Visitors from around the world to descend on San Antonio for solar eclipse

Hotels, Airbnbs booked up at high prices

April’s eclipse will be drawing millions to Texas from all over the world. I came across one of those visitors by chance, after seeing a post on the San Antonio Facebook page “ask a local.” New Zealander Karolyn Timarkos had posted about catching a ride from San Antonio to Stonehenge II in Ingram for the eclipse.

”Which you know, God bless the Americans,” joked Timarkos over a Zoom call. “We can’t make it to Stonehenge, so we’ll just build one here.”

Intrigued by the idea of watching the celestial event at such a unique spot, she made plans years ago to make the trek to San Antonio and then Ingram.

Stonehenge II near Ingram (Copyright 2024 by KSAT - All rights reserved.)

“This thing is banged smack in the middle [of the eclipse path], so I’m like that was purposely built for the 2024 eclipse.” quipped Timarkos.

This is not Timarkos’s first total solar eclipse, however. She made the trip to the States in 2017 to watch the last one in Missouri.

Karolyn Timarkos enjoying the 2017 eclipse in Missouri (Karolyn Timarkos)

”The full eclipse is just mind-blowing,” she recalled.

It was an experience that assured she’d be traveling back for this eclipse.

”All the crickets start chirping and all the birds start doing their dusk chirp and then in the totality, the birds will go to sleep,” Timarkos said.

It left her wanting more, so Timarkos began planning for the 2024 eclipse years ago, knowing she’d need to move fast.

Karolyn Timarkos enjoying the 2017 eclipse in Missouri (Karolyn Timarkos)

”I very early got on and booked my flight from Auckland to Houston, which I picked up for $760 New Zealand dollars, which is like $500 American. It was so cheap,” Timarkos said.

Although the flight back, she said, turned out to be significantly more costly. So, too, were many of the accommodations.

”Originally I’d planned to stay in Ingram, which when I first discovered this town, I think it has three Airbnbs and they’re like $50 to $60 a night. And I said, oh, sweet, I’ll stay there. Then when I went to book one for the night, they were $3,500 a night. So, I thought ok, there was an RV park half an hour down the road, which was like $28 a night for an un-powered site. [They were asking] $15,000 a night for an unpowered campsite for the night of the eclipse,” said an animated Timarkos.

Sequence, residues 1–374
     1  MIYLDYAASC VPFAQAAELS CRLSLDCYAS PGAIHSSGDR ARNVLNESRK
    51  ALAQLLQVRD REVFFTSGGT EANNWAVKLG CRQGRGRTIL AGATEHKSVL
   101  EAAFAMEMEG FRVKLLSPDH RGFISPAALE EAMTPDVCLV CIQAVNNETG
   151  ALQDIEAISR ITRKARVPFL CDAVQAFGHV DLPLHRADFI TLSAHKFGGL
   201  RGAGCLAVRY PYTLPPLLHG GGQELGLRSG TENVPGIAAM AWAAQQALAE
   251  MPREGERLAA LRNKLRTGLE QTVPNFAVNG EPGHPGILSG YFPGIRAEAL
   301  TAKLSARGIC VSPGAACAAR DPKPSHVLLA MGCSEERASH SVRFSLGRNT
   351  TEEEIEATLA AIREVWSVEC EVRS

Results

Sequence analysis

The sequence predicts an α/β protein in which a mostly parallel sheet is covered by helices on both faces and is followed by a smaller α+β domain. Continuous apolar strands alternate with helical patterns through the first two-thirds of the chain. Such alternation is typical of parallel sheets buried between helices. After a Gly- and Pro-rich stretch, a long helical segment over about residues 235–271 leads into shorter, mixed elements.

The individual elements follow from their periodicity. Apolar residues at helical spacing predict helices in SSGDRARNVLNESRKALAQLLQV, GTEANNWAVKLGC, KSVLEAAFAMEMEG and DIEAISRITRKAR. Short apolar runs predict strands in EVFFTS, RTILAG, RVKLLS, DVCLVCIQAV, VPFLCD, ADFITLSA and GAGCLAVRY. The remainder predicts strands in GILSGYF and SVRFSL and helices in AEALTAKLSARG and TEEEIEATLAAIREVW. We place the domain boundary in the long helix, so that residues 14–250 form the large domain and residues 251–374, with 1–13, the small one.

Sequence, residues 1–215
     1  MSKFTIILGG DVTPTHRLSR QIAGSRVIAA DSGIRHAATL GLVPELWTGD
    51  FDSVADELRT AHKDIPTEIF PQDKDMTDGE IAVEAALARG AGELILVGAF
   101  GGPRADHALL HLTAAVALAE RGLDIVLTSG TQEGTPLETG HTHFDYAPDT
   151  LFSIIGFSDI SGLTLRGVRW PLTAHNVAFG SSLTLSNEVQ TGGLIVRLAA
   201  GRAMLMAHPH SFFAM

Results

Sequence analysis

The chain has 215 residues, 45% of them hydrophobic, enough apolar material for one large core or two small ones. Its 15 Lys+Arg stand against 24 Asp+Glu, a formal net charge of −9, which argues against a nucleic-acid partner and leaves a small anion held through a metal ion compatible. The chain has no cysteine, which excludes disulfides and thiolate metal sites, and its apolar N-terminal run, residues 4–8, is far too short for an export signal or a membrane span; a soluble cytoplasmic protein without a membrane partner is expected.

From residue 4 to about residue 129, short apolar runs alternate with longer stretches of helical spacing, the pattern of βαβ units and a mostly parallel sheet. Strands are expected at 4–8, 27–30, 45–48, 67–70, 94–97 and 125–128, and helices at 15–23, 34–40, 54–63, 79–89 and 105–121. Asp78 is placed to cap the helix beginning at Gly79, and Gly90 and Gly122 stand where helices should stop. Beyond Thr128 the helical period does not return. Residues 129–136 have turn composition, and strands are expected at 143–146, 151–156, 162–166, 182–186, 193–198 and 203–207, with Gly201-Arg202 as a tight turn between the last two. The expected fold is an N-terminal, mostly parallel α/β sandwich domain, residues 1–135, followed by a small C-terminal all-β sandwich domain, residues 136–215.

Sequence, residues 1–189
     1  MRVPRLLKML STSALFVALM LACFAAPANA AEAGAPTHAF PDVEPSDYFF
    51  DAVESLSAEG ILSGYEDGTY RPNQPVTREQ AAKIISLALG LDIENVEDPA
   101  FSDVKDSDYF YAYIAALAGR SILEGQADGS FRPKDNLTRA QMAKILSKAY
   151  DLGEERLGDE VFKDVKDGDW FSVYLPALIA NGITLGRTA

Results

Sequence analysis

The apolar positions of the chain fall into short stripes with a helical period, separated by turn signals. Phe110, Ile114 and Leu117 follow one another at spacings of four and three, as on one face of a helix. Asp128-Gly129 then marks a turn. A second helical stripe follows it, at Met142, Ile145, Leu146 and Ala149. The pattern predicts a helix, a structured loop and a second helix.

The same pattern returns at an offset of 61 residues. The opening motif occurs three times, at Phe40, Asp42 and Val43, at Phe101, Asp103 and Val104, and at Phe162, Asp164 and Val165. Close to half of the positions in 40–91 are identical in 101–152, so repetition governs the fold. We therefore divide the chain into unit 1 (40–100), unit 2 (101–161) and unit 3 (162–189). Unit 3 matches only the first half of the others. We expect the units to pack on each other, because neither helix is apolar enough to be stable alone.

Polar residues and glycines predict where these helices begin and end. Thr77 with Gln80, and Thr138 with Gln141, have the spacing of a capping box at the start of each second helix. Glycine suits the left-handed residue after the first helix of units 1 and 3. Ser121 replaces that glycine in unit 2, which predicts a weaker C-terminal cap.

Eventually, she discovered she could camp at Stonehenge II for $140 per ticket for four people. That brings us back to the original post. She was offering a barter: two tickets for a ride (her friend from Chicago will be joining her). She quickly got a message.

”Jordan reached out to me, and he’s actually an Englishman,” explained Timarkos. “But, he’s lived in San Antonio for 15 years. And he went, yeah, I can. I can give you a ride. Not a problem.”

Jordan, as it turned out, was a local comedian and YouTube personality who hoped to document the eclipse. Everything fell into place for Timarkos. She’ll be joined by visitors from around the world who have chosen San Antonio as their eclipse destination.

About the Author

Justin Horne is a meteorologist and reporter for KSAT 12 News. When severe weather rolls through, Justin will hop in the KSAT 12 Storm Chaser to safely bring you the latest weather conditions from across South Texas. On top of delivering an accurate forecast, Justin often reports on one of his favorite topics: Texas history.

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